Posts filed under “Federal Reserve”
“It is after a trend has been reversed that the full effect of the preceding excesses is felt.” -George Soros
For the last 5+ years we have seen a massive attempt by global central banks to prop up asset prices. The Federal Reserve has spearheaded the effort, increasing their balance sheet from less than $1 trillion in 2007 to over $4 trillion today. One of the main threats that QE allegedly posed was that printing trillions of dollars would lead to runaway inflation, the complete collapse of fiat currency. Now obviously that hasn’t happened, in fact we’ve seen almost the exact opposite. Check out the chart below which graphs Google searches for “hyperinflation.” You’ll notice that fear is abating.
Consider that in 2013, 18 of the 21 biggest economies in the world had inflation rates of less than 2%. Who could have predicted that after 3 rounds of easing and one twist, people would be more worried about deflation than inflation? Bernanke has done a masterful job no doubt; Ray Dalio has gone as far to say that America is experiencing a “beautiful deleveraging.”
The fed is now of the mind that the economy can stand on its own and Janet has begun peeling the band aid off. The market has thus far welcomed the scaling back with open arms; the S&P 500 is up ~6% since December 18 when Bernanke unleashed the Taper.
Asset prices have inflated to be certain, the S&P 500 is up around 115% since the Fed’s first round of “Quantitative Easing”, fine collectors are back collecting, and $80M diamonds are being auctioned off. A key ingredient that has been missing from this recovery is wage growth.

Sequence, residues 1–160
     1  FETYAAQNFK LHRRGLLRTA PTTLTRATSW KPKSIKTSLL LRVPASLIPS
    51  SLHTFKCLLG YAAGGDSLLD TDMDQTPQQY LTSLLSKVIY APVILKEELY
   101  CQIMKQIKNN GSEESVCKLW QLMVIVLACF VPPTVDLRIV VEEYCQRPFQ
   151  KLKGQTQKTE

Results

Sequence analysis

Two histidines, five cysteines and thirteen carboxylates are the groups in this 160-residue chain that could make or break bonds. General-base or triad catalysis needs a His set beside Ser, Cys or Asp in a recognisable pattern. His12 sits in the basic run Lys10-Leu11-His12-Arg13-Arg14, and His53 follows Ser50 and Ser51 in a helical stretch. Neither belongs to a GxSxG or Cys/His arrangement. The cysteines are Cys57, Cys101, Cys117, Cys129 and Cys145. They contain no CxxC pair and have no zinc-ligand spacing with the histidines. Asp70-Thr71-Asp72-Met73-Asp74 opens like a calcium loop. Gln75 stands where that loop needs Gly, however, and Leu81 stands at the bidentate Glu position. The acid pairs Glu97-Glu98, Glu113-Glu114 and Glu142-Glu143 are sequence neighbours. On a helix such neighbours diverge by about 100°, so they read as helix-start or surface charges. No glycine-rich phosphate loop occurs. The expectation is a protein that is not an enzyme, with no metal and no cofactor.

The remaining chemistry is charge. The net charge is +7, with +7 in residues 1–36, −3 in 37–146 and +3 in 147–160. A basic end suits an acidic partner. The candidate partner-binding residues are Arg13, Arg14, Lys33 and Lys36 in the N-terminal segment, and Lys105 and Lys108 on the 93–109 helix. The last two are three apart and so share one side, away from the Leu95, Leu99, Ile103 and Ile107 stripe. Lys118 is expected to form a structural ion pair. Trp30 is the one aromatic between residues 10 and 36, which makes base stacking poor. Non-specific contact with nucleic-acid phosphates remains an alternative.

But alas, just last week we saw average hourly earnings increased 0.4%, more than double expectations and up 2.2% y/o/y. Check out the chart below from Deutsche Bank.
In 1987 George Soros said “It is after a trend has been reversed that the full effect of the preceding excesses is felt.” Wouldn’t it be something if we only start to smell inflation after QE has been reversed, after all the hyper inflationistas have crawled back into their cave? Markets have a unique ability to forecast the future, don’t look now you guys, but the CRB commodity index is up 10% YTD.
“The weak recovery is proof that the Federal Reserve’s program of quantitative easement does not work.” You do not understand the Counter-Factual. That is the only conclusion I can draw from what the very common criticism of the Federal Reserve policies of ZIRP and QE (above), and its inherent analytical error. The…Read More
If They Will Lend, Someone Will Spend (on Something) Paul Kasriel March 17, 2014 Upon awakening from my winter hibernation way up here in beautiful northeastern Wisconsin, I have noticed that bank asset managers have been anything but hibernating. Rather, they have been quite busy expanding their loans and securities. As shown in…Read More
Private Credit and Public Debt in Financial Crises Òscar Jordà, Moritz Schularick, and Alan M. Taylor FRBSF Economic Letter 2014-07 March 10, 2014 Recovery from a recession triggered by a financial crisis is greatly influenced by the government’s fiscal position. A financial crisis puts considerable stress on the government’s budget, sometimes triggering attacks…Read More
How Unconventional Are Large-Scale Asset Purchases? Carlo Rosa and Andrea Tambalotti Liberty Street Economics, March 03, 2014 The large-scale asset purchases (LSAPs) undertaken by the Fed starting in late November 2008 are widely considered to be a form of “unconventional” monetary policy. Although these interventions are certainly unprecedented, this post shows that their…Read More
Source: Elliot-today Earlier this week, we discussed the amount of laughter in FOMC meetings as a sign that the Fed was not fully cognizant of the coming financial storm. Today’s chart adds another component to this, overlaying Fed laughs with Case Shiller residential real estate price index, via Elliot-today. Perhaps the best way…Read More
Source: Bianco Research This month, 1,865 pages of FOMC transcripts from 2008 were released to the public. Bloomberg studied the transcripts, finding on average about 25 references to laughter per meeting of the Federal Open Market Committee. This was almost half of the 45 giggles per FOMC meeting in 2007. Continues here